Skip to main content

Healthcare Reform: Simple Truths

For those of us who believe that healthcare reform is vital to our personal health and our national security, and for those of us who believe that a single-payer option is not only desirable but necessary, it is time to display our passion. It is time to expose the bumper-sticker attacks on healthcare reform with bumper-sticker truths of our own. And to those who complain that my truths are incomplete and cherry-pick statistical information, I say, “So what? Why should the rules that I play by be any different than yours?”

TRUTH #1: GOVERNMENT DOESN’T RATION HEALTH CARE. INSURANCE COMPANIES DO.

What is managed care? Rationing. Why not cover pre-existing conditions? Rationing. Why do 14,000 Americans lose their health insurance every day? Rationing.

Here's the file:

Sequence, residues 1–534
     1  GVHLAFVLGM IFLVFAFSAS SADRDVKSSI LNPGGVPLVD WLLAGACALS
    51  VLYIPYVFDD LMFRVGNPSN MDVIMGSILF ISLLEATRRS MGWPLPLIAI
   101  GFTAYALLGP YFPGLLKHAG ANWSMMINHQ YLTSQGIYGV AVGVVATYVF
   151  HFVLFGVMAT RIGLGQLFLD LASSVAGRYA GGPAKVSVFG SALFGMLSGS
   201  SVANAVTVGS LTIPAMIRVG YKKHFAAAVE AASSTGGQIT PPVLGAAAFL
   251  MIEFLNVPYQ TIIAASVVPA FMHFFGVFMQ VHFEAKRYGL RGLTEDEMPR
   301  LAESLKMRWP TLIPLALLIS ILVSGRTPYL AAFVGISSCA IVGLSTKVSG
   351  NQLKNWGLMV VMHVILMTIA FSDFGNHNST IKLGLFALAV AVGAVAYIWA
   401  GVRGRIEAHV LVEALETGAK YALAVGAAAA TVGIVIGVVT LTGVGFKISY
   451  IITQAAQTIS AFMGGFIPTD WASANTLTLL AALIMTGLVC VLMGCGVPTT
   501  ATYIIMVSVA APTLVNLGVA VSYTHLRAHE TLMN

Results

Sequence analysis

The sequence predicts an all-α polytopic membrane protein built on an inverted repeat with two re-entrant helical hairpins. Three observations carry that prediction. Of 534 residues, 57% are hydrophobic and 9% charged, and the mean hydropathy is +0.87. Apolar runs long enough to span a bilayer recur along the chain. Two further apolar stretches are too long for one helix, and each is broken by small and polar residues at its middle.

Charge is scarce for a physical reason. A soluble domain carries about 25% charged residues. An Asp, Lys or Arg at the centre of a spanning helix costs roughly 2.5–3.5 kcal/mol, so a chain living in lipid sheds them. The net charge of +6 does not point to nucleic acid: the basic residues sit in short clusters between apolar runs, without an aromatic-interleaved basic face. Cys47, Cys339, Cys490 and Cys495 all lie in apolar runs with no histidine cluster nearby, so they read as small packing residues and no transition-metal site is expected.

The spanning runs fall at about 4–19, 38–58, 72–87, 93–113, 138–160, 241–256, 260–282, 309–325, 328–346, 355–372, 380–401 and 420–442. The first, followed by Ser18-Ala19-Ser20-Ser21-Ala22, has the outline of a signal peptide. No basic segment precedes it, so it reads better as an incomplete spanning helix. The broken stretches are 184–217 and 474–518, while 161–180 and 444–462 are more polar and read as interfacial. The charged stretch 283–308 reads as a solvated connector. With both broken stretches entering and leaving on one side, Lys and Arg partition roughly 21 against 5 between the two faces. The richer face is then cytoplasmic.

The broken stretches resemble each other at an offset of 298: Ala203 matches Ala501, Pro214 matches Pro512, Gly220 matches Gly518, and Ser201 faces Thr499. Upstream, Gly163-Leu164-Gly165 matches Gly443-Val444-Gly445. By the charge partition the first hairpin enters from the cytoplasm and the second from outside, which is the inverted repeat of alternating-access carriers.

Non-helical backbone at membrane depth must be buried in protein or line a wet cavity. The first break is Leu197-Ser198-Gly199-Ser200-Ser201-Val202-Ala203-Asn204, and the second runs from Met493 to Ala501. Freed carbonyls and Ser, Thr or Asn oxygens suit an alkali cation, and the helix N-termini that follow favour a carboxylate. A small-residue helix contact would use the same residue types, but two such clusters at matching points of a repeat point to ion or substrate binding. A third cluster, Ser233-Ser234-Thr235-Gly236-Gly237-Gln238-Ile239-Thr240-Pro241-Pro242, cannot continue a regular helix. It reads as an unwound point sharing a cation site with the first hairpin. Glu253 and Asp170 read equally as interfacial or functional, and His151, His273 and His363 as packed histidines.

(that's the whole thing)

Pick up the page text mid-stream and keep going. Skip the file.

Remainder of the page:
On the other hand, Medicare and Medicaid are portable, affordable, and cover pre-existing conditions.

So if you qualify for government healthcare, you are not subject to rationing. If you own private insurance, you are.

TRUTH #2: SINGLE-PAYER HEALTHCARE IS BETTER FOR YOUR HEALTH.

America, the nation that is 33rd on the list of infant mortality, has a higher infant mortality than Slovenia, the Czech Republic, and France. Most if not all of the countries with a lower infant mortality rate have single-payer systems.

Americans, in the nation that is 30th on the list of life expectancy, have a lower life expectancy than Boznia and Herzegovina, Jordan and France. Most if not all of the countries with higher life expectancies have single-payer systems.